The present study demonstrated that Fas receptors are expressed on a significant proportion of blast cells in adult AML, ALL, and CML-BT patients.

An overall 72.5% of AML patients were positive expressors of Fas (with Fas being expressed by 20% or more of their leukemic cells). AML patients expressed Fas with variable intensity ranging from 3 to 98% of their blast cells. Several studies have reported variable intensities of Fas expression on AML blast cells [24-26] , which are in agreement with our results, and may reflect the heterogeneity of AML.

Our study also showed that Fas expression varies significantly between different FAB subtypes of AML, being strongest in M4 and M5 and weakest in M1 with intermediate levels in M2 and M3. In normal hematopoiesis, immature cells do not express a significant level of Fas [27] . Fas expression becomes enhanced with maturation of the myeloid series [28] . Hence, variable expression levels of Fas in different AML subtypes may simply reflect the difference in maturation stage of leukemic cells [25] .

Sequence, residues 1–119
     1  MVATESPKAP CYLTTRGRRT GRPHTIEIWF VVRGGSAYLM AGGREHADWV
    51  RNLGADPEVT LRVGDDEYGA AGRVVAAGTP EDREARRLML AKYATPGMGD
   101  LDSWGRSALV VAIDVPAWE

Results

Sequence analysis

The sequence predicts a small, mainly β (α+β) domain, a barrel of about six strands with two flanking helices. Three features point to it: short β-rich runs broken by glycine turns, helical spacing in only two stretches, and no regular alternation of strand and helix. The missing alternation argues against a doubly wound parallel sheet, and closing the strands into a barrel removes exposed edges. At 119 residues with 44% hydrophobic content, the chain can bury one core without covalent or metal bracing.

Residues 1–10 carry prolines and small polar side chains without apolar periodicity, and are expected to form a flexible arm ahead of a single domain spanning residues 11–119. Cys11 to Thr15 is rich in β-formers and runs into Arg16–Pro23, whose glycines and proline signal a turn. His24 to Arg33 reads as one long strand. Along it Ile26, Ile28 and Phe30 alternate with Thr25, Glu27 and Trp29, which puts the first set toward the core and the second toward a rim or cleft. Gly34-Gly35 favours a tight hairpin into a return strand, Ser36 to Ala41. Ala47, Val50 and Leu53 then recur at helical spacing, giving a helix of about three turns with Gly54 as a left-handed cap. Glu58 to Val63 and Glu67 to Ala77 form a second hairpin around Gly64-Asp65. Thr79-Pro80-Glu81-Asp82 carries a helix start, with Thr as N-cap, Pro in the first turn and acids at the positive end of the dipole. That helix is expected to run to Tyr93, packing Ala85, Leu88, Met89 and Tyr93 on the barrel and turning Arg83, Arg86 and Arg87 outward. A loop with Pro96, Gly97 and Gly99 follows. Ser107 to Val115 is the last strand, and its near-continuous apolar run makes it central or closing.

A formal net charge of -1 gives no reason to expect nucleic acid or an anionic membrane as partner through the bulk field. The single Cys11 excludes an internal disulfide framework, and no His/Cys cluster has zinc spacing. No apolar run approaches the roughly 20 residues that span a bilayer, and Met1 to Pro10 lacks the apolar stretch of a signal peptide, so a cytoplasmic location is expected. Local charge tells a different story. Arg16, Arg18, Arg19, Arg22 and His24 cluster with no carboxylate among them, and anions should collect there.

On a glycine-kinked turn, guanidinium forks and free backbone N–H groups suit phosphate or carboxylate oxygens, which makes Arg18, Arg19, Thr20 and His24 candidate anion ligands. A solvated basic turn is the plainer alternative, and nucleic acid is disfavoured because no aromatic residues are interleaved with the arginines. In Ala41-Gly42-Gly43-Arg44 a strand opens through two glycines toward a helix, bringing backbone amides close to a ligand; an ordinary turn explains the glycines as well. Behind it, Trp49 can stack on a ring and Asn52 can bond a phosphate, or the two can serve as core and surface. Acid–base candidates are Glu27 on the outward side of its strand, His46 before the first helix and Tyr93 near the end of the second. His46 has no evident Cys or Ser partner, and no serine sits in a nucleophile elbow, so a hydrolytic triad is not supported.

It was observed that blast cells of CML-BT patients expressed Fas antigen at levels significantly comparable to those of AML patients, and the expression of Fas by blast cells of monocytic transformation was higher than that of myeloid cells, although the difference was not significant.

Regarding ALL, 71.88% of our patients were positive expressors of Fas, which is similar to the results in previous studies [29],[30] . We found that expression of Fas by T-ALL blast cells was significantly higher than that of precursor B-ALL cells. Karawajew et al. [30] found that T-ALL showed significantly higher percentage of Fas expression as compared with B-ALL cells. Also Debatin et al. [31] found that leukemic cells from all patients with T-ALL strongly expressed Fas. Another study proved that normal mature B cells are Fas-negative and stated that Fas expression status on leukemia and lymphoma B cells from different disease entities is controversial [32] .

In the current study, no significant differences could be detected between Fas-positive and Fas-negative groups with regard to demographic data. These findings are in accordance with those of others [26],[33] .